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PPP Update – Why SBA funding relief to small businesses has lagged

By April 11, 2020 No Comments

Here is a quick update on the status of PPP under the CARES Act, and the delays and difficulties on why small businesses are not getting funding quickly.

Summary of PPP under The CARES Act

On March 27, 2020, the Coronavirus Aid, Relief, and Economic Security Act (a.k.a., CARES Act) was signed into law introducing funding with the goal of preventing job loss and small business failuer due to lossed caused by the COVID-19 pandemic. One feature of the CARES Act provides qualifying small businesses, sole proprietors, independent contractors, nonprofit organizations, veterans organizations, and tribal businesses forgivable loans up to $10 million to cover payroll and other costs.  This is known as the Paycheck Protection Program (a.k.a., PPP).  The SBA has authorized a wide variety of financial institutions to make the PPP loans.

  • April 3, 2020 – Small businesses and sole proprietorships can start applying for and receive loans
  • April 10, 2020 – Independent contractors and self-employed individuals can start applying for and receive loans
  • June 30, 2020 – The last day to apply for and receive a loan. Keep in mind that the $349 billion allocated to PPP under the CARES Act may be exhausted before this date. PPP loans are made on a first-come, first-served basis so prospective borrowers are encouraged to apply asap.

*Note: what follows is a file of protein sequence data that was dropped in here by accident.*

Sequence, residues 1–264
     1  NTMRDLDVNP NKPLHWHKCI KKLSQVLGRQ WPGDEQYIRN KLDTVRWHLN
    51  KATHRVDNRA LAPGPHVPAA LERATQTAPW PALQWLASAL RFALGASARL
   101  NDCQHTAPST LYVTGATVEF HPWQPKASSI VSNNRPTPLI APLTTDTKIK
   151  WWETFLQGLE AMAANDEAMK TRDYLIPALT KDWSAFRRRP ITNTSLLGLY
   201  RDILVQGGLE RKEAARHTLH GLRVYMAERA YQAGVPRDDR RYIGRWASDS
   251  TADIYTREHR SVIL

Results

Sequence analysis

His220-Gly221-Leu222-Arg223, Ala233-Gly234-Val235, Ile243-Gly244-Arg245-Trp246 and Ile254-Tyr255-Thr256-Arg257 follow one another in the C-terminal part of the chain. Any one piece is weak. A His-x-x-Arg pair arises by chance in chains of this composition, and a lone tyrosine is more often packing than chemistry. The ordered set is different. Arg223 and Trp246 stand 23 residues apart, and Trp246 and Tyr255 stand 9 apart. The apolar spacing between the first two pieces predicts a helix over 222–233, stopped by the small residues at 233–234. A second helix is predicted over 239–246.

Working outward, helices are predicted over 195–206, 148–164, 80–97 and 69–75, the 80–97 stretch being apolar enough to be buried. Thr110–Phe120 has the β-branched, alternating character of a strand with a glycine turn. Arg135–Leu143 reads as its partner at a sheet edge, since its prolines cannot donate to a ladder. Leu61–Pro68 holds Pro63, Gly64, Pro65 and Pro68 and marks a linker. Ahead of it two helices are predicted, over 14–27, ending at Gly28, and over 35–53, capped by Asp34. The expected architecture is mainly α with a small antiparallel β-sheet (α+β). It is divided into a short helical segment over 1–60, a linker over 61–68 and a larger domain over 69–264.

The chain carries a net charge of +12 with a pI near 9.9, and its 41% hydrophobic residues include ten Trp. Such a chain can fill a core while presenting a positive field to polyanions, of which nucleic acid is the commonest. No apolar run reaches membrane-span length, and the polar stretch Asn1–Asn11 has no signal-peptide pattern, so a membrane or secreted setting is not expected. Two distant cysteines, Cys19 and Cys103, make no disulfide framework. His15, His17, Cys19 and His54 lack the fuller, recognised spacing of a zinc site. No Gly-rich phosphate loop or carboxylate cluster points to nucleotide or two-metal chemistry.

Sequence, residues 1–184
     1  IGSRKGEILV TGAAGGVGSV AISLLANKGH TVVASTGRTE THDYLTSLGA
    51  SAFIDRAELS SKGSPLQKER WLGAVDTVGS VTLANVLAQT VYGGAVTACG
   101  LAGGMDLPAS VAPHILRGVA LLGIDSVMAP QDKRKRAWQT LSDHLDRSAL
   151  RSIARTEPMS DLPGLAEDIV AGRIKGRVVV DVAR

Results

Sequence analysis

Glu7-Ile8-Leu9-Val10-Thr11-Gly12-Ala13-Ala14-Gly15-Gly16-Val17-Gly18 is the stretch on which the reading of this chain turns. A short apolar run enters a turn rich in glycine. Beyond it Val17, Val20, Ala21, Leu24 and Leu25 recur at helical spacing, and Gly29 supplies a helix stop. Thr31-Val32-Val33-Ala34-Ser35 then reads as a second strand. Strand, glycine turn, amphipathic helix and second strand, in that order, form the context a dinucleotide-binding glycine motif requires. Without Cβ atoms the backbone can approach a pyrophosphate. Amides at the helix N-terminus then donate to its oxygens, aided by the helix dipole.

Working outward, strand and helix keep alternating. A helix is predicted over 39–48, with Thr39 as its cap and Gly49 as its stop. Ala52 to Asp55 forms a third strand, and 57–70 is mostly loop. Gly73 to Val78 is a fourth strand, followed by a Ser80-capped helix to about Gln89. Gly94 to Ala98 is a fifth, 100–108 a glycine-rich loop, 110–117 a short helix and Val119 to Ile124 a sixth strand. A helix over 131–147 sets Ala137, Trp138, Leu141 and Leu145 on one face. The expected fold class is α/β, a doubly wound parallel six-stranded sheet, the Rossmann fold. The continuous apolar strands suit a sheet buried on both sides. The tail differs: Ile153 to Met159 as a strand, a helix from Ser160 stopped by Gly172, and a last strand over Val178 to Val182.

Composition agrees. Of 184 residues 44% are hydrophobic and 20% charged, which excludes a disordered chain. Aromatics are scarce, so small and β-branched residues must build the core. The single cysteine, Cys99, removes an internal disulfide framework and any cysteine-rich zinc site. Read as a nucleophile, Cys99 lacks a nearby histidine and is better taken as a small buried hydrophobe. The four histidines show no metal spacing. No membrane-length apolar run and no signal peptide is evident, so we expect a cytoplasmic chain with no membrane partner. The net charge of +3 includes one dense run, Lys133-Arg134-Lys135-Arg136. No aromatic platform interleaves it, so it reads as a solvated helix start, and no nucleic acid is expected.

For frequently asked questions of PPP, see the Treasury Dept’s PPP FAQs.  The FAQs provide additional clarification regarding the interpretation of the CARES Act, including guidance on how to calculate “payroll costs” and how a relationship with a third-party payroll provider and/or Professional Employer Organization (“PEO”) should be viewed for purposes of the PPP.

Small Businesses

  • A few received their funds while many – that applied and their loans accepted – are still waiting and unsure of specific date of funding.
  • Some banks have turned away businesses, or are not taking applications, or have not started accepting applications.
  • Some banks require that you have a checking account, a credit card, and a previous loan to be considered while other banks require that you need to be an establised customer.

Banks

  • Most banks want to be certain they don’t end up with bad loans on their books even though the government is promising to guarantee the loans.
  • Banks are prioritizing exisitng customers because they don’t require additonal paperwork and often focus on customers who have a solid track record.
  • Another hold up is due to a legal issue that requires a promissory not for each loan. It wasn’t clear until April 8, 2020, whether banks should use their own contracts or ones drafted by the SBA since PPP is a government program.
  • Hundreds of thousands of applications are approved but are getting hung up at the SBA for technical issues.

Small Business Administration (SBA)

  • The Treasury Dept promised that PPP money could go to businesses the same day their application was approved. That didn’t happen.
  • As of April 8, 2020, the SBA has received more than 381,000 applications valued at $100 billion. Not many businesses are receiving that money yet.
  • One of the reason is a technical problem where their system was inundated with application and it stopped working on Monday. After the fix, the system is up and running.
  • For context, banks were submitting applications in a single day what they typically do in six months. Also, the SBA system normally approves loan applications in a matter of weeks, not days.

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